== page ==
open() giving ENOENT when trying to create files with control chars

Corinna Vinschen
Mon Dec 5 10:30:00 GMT 2005

On Dec  5 10:11, Bill Hughes wrote:
> Corinna Vinschen <corinna-cygwin <at>> writes:
> > 
> > On Dec  4 09:29, Yitzchak Scott-Thoennes wrote:
> ..snip..
> > > 
> > >;en-us;117258
> > > is interesting...
> > 
> > This is certainly interesting.  Using this in Cygwin would require to
> > change the path handling to using UNICODE, though, which is a major
> > undertaking since the path handling throughout Cygwin is plain ASCII
> > right now.
> Uh, don't forget this is the NTFS API and not the Windows API.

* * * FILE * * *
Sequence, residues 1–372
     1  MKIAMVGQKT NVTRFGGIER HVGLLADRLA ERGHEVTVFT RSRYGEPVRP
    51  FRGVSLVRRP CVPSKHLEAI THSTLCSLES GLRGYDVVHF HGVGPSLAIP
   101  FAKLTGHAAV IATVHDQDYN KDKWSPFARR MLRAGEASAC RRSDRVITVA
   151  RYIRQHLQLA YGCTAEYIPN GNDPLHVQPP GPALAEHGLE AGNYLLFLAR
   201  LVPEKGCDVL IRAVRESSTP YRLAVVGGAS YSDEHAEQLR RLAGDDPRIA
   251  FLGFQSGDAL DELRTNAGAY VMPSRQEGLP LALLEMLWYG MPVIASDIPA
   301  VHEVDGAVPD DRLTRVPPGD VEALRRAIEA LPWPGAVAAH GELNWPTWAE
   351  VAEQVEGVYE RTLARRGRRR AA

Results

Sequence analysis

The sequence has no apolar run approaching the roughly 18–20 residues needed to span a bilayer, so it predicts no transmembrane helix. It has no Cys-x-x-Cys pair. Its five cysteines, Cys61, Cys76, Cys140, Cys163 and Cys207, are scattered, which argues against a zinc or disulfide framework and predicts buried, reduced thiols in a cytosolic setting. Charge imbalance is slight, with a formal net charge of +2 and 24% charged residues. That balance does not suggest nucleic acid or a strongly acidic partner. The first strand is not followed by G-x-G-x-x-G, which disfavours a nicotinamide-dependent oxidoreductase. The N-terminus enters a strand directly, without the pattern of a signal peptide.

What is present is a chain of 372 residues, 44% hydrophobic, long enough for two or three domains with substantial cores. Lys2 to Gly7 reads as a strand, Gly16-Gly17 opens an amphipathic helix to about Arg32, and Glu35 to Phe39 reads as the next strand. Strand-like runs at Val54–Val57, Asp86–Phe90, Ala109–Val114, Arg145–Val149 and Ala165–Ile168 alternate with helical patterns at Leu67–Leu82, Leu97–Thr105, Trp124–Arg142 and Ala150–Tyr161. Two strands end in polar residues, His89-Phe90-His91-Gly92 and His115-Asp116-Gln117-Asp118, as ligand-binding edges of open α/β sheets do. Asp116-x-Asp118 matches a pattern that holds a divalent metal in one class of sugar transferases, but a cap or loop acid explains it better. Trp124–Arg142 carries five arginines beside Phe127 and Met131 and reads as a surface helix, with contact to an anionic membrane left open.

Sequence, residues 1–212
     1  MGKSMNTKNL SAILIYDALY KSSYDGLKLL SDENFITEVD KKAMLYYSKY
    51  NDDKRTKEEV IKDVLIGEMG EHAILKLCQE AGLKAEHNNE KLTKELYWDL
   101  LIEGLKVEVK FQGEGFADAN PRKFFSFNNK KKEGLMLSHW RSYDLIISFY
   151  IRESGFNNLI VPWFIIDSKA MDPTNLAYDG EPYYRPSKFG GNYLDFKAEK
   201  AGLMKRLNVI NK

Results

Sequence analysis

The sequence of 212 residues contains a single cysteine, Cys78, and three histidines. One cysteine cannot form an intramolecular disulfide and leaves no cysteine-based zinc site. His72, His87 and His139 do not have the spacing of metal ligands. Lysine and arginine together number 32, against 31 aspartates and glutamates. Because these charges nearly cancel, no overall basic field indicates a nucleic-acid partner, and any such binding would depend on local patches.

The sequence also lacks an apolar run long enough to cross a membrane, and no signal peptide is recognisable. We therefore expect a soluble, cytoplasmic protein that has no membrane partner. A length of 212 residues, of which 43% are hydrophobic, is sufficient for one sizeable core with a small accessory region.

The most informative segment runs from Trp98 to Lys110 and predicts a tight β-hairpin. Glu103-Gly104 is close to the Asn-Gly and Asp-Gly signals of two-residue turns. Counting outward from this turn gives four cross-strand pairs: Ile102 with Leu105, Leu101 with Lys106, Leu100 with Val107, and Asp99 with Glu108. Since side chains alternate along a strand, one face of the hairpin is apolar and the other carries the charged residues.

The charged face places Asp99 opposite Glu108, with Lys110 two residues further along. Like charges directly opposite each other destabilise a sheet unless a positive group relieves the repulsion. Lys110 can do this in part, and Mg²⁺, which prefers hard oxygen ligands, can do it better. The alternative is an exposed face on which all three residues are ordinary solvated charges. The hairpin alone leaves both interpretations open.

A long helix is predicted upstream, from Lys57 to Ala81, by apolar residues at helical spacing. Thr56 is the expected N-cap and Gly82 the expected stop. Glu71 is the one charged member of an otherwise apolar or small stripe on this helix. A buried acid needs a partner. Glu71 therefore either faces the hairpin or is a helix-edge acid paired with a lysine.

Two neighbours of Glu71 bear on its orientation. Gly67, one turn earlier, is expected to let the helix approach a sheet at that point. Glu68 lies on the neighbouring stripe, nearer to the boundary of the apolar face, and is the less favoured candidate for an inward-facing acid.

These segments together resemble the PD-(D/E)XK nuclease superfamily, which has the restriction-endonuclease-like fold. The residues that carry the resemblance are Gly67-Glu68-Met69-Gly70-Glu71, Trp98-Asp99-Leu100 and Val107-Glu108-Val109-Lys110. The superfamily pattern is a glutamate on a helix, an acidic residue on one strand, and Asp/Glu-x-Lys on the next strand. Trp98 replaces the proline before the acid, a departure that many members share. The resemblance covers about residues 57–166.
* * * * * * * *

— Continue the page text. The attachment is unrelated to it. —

> If you want to go down this route you may as well add case sensitive file names
> too...

That's not quite right.  Case-sensitivity is a flag which can be
switched on and off at will.  It's a property of the driver, not the
underlying file system.  The underlying file system is obviously capable
of storing case-sensitive filenames, the driver just handles characters
only differing by case as equal in the default Windows case.  The above
is converting invalid characters to valid characters.  These new
characters are still valid characters even when you're working in a
plain ASCII (or ISO-8859) environment, since NTFS stores the filenames
in UNICODE anyway.

I'm not sure until I tried it, of course, but I don't think this will
result in problems with Windows, just because your standard font can't
display the characters.


Corinna Vinschen                  Please, send mails regarding Cygwin to
Cygwin Project Co-Leader          cygwin AT cygwin DOT com
Red Hat, Inc.

Unsubscribe info:
Problem reports:

More information about the Cygwin mailing list